By Neal Stephenson
Published in 1995
Thibault’s Score: 3/5
(This review does not contain any spoilers.)
This may be the weirdest book that I have ever read.
I rarely read fiction books. This book reminded me why.
Diamond Age has a lot of interesting technology ideas jam packed into it: ideas about the future of education, nanotechnology, virtual reality, warfare, travel, etc… It also explores how a stateless anarcho-capitalist society might look like, which is always great.
However, for every interesting idea that is explored in Diamond Age, there are frustrating problems which partially ruin the book.
First, the book has a number of plot holes that don’t make sense. There are also a number of weird, gratuitous, and rapey sex scenes. the first two thirds of the book are great, but the last third of the book is predominantly about orgies and wild sex. The motivations of characters are often confusing - it seems like many characters do things because Stephenson wants them to act in a certain way, not because it would make sense for them to act in those ways given the variables of their universe. All combat and fighting is cringy and unrealistic. Most infuriating, many questions are raised that are never answered. A number of characters disappear, with no explanation or further mention.
These problems are not present in the beginning of the book, but slowly become increasingly ubiquitous. By the end of Diamond Age, the book devolves into a meaningless postmodern literary experiment in chaos.
The book takes place in the same universe as Cryptonomicon, Snow Crash, and Diamond Age, although there is no need to read the books in order, and each constitutes a standalone story. The three books are separated by decades / centuries.
Few books have been as recommended to me as Diamond Age. Due to the overwhelming wave of recommendations from friends, my wife and I decided to read it.
Like Snow Crash, I didn’t find it particularly interesting. It was interesting, but wasn’t by any means great.
After reading Diamond Age and Snow Crash, I am now completely sure of one thing: Neal Stephenson is definitely insane.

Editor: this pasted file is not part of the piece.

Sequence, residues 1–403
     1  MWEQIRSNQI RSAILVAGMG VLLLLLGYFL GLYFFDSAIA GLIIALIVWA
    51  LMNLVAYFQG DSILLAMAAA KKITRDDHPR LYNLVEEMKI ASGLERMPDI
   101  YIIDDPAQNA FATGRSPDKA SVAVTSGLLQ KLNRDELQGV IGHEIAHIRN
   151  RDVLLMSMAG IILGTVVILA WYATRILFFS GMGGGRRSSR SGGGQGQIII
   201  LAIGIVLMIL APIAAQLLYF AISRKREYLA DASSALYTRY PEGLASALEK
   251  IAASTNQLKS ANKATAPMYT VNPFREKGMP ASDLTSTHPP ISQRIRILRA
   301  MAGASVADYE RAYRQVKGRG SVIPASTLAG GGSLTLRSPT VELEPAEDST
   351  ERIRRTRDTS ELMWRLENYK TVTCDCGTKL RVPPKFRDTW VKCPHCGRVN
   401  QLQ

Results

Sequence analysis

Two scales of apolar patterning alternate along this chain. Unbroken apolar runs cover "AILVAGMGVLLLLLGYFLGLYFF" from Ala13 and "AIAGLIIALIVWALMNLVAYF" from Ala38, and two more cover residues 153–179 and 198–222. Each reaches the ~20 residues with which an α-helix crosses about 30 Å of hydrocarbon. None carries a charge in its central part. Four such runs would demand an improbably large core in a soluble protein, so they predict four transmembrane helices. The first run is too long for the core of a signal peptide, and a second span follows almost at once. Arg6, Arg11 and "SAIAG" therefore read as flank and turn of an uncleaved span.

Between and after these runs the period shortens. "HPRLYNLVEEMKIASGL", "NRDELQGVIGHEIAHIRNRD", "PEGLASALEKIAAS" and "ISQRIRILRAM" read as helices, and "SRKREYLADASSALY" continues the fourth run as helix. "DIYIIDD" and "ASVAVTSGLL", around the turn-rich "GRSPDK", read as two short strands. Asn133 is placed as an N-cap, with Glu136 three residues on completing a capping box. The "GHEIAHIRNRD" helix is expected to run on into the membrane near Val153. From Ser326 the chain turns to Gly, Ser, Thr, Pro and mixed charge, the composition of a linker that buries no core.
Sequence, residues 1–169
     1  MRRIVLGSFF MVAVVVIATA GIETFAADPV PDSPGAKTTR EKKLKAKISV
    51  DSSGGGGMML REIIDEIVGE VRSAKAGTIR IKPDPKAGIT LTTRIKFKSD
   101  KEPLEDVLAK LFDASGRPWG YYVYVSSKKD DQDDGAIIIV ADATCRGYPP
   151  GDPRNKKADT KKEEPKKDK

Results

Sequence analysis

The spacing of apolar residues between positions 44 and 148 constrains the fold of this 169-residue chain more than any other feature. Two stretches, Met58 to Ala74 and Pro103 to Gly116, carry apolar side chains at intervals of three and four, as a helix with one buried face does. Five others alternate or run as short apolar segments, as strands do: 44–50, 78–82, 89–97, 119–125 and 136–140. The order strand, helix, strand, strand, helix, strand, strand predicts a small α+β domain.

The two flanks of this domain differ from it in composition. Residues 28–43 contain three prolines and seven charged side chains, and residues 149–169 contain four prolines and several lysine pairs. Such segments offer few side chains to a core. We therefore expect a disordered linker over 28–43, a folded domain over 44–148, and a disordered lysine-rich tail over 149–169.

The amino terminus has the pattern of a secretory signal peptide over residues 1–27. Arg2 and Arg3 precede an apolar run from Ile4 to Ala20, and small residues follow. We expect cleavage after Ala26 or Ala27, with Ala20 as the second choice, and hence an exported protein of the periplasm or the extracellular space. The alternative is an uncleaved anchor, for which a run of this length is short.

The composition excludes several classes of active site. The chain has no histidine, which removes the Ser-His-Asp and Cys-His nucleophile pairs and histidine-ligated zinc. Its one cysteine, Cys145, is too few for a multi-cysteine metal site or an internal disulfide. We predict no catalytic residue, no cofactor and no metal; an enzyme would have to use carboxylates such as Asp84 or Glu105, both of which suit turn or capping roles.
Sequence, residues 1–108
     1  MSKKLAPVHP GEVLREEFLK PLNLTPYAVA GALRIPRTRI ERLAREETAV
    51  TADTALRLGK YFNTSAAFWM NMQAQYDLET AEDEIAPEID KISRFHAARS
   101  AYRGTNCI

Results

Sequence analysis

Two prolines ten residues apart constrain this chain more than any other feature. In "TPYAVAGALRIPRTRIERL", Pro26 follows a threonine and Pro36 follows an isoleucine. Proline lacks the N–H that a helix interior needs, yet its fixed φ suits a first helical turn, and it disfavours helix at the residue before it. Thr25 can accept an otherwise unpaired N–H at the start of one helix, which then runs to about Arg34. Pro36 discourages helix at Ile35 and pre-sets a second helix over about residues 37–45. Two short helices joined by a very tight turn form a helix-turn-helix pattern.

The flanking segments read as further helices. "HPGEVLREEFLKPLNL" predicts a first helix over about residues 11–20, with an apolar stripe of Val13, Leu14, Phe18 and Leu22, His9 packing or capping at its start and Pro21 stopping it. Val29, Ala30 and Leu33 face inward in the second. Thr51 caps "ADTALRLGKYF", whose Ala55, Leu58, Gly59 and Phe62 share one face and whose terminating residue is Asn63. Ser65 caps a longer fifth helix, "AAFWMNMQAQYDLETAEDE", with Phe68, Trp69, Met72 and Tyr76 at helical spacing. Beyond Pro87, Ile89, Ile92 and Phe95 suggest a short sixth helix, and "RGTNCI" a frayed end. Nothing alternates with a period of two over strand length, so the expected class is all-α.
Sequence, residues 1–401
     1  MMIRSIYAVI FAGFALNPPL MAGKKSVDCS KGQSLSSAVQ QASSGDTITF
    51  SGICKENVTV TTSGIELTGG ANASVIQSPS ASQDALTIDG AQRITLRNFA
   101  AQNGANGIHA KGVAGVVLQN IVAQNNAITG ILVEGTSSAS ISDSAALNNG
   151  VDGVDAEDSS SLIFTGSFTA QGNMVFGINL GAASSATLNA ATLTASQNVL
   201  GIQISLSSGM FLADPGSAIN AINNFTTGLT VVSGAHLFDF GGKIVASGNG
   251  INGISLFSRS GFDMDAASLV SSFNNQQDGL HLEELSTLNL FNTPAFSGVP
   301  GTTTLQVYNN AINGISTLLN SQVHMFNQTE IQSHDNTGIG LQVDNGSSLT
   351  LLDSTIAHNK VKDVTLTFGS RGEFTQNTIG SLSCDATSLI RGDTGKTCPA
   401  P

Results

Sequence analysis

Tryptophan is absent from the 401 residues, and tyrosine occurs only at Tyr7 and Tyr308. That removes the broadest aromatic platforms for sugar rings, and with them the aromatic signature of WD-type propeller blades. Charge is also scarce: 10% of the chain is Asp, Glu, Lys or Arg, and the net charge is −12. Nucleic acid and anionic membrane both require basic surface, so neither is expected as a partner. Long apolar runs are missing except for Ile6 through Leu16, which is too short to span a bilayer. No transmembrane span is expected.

God’s Battalions: The Case for the Crusades
By Rodney Stark
Published in November 2010
Thibault’s Score: 2/5
God’s Battalions can be understood as a hyperpartisan history of the crusades written by a modern Catholic to justify any and all atrocities committed by Christians at the time.
That being said, there is nothing inherently wrong with a hyper partisan historical text, however its bias must be understood for what it is.
The book itself is a short narrative of events surrounding the rise of Islam in the centuries before the crusade and a milktoast narrative of the first 3 canonical crusades.
Although I finished the book, I didn’t learn all that much from it. I mostly read it to contrast it with pro-Arab hyper partisan histories I am also reading in parallel to this book.
I do not recommend this book, except for the purpose of contrasting it with biased books written from the Arab perspective.
By Zoe Oldenbourg
Published in 1966
Thibault’s Score: 3/5
The Crusades is a history textbook that covers the history of the first three Middle Eastern crusades.
I found that The Crusades managed to strike a neat balance between being a narrative history covering major events and major players and an experiential history describing the daily life of people.
Learning about the economics and logistics of the crusades is always fascinating, and this book more than delivers. I especially enjoyed the description of the events in the interim between the second and third crusade. Learning about the succession of warlords that preceded Saladin, ultimately leading to the fall of the Fatimid caliphate, are often ignored yet very important.
I also enjoyed learning about the degree of cultural mixing between the crusaders and Muslims. I was most surprised when I learned about the tentative anti Turk alliance between the Fatimid Caliphate of Cairo and the Byzantine Empire.
Zoe Oldenbourg draws many interesting and unconventional conclusions which shed light on the events of the crusades. For example, she excoriates Richard Lionheart as an incompetent fool who doomed the Kingdom of Jerusalem to fall permanently to Islam. She also concludes that female slaves taken into the harems fared the best of all of the female slaves.
Overall, I cannot recommend this book to average readers. It is too long and too detailed to be of interest to a general audience - it also is pretty advanced and requires a significant understanding of the crusades to be appreciated.
I do recommend this book to amateur historians and nerds interested in a deep dive into the history of the period and region.
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